Adams-Flores: That’s been a big topic of conversation, and I don’t think people have the answers yet. When you go and meet with a patient, you ask their permission to use whatever platform you have to move forward with the conversation. If the patient gives their consent, we move forward at this point. But the conversations about privacy and HIPAA are an ongoing conversation that literally we’re having conversations about daily — and supervision and in discussion with insurance companies. These platforms aren’t traditionally the way that mental health services are delivered, and I don’t believe they were created for that purpose. To that end, now that we’re using them in this way, it’s almost like we’re working backwards a little bit. We’re using the platform for a different purpose other than what it was intended for, and now we’re trying to make sure that those platforms will ensure patient privacy.
Adams: What about quality of care, though? Is that compromised or enhanced at all by these changes?
Adams-Flores: One of the drawbacks to a telehealth platform is there isn’t the ability for human interaction in the way that you could in a counseling session. There’s something to be said for just being in the presence of another person. There’s definitely something different about it. It feels a little more distant, a little more cold. When we’re able to provide those in-person counseling sessions, many times, now, a part of that session includes being able to chat with family members. It’s wonderful that we have technology to introduce into those counseling sessions, because many of the people in our nursing facilities who are receiving care don’t have smart technology.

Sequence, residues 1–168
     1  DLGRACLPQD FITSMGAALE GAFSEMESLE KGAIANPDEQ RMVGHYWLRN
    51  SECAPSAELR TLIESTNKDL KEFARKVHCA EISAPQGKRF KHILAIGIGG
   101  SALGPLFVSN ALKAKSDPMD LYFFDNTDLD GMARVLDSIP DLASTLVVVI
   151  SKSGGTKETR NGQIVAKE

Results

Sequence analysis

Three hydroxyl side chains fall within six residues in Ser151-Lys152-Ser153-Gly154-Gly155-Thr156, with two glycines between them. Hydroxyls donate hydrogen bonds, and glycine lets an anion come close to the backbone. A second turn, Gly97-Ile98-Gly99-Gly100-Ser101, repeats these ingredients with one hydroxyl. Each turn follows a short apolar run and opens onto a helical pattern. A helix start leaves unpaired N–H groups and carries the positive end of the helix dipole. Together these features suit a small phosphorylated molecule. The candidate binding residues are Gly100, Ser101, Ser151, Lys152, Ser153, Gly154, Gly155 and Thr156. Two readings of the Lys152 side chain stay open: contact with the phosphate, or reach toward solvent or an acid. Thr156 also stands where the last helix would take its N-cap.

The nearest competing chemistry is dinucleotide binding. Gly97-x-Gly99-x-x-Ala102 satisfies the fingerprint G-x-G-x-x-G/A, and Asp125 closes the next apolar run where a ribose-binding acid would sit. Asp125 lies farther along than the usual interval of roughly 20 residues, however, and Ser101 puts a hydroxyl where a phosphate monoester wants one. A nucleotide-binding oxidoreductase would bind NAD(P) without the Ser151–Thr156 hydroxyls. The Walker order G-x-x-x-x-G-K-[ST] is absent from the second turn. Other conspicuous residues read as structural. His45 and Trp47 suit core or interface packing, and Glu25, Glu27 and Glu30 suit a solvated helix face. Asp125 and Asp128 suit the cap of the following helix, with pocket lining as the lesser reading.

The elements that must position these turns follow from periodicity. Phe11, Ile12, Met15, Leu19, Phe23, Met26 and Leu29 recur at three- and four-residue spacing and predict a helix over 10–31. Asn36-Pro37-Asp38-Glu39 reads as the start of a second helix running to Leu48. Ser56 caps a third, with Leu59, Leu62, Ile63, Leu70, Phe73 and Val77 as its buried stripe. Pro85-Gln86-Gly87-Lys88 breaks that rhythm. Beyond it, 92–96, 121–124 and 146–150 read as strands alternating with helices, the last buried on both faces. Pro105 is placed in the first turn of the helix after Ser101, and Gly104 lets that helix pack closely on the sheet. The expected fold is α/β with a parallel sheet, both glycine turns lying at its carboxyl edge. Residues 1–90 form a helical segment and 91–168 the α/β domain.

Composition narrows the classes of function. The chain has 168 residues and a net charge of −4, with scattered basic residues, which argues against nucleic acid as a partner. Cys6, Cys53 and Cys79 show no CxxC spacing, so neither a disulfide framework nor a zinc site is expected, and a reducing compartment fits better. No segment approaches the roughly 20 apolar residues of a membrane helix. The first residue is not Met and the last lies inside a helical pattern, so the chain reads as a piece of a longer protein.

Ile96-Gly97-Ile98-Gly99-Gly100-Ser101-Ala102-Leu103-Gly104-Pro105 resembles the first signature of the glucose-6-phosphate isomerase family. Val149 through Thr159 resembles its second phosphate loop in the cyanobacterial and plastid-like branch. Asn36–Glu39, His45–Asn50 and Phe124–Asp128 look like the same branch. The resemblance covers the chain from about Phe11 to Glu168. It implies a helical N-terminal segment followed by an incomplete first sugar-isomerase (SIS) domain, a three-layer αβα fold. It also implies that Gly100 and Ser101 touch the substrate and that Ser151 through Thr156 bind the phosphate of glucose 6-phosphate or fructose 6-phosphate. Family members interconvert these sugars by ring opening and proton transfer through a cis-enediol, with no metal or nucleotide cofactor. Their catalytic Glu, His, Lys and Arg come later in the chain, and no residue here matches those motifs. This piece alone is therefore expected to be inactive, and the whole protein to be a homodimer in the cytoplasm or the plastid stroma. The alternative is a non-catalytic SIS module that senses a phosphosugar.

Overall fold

Adams: How could technology, and I’m talking about the devices and the software here, provide a better experience for this group?
Adams-Flores: It would be nice if software companies would be thoughtful about all the types of populations that might want to use software to do a traditional job. There’s a learning curve that goes along with any type of new technology, and somebody that might be cognitively impaired — due to a stroke or a brain injury — sometimes that technology is really hard for them to learn or begin to use in a way that’s meaningful.
Adams: In this whole interaction, you’re talking about people, some of whom know that they are at the greatest risk of serious illness or death from COVID-19.